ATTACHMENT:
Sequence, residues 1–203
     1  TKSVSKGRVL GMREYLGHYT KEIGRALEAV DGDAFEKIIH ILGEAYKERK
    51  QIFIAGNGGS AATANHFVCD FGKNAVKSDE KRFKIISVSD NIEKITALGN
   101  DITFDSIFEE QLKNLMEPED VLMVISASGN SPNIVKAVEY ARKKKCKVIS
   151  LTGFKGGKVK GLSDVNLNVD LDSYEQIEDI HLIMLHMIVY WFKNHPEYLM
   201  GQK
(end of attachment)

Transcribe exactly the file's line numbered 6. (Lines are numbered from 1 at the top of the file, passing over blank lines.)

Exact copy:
   201  GQK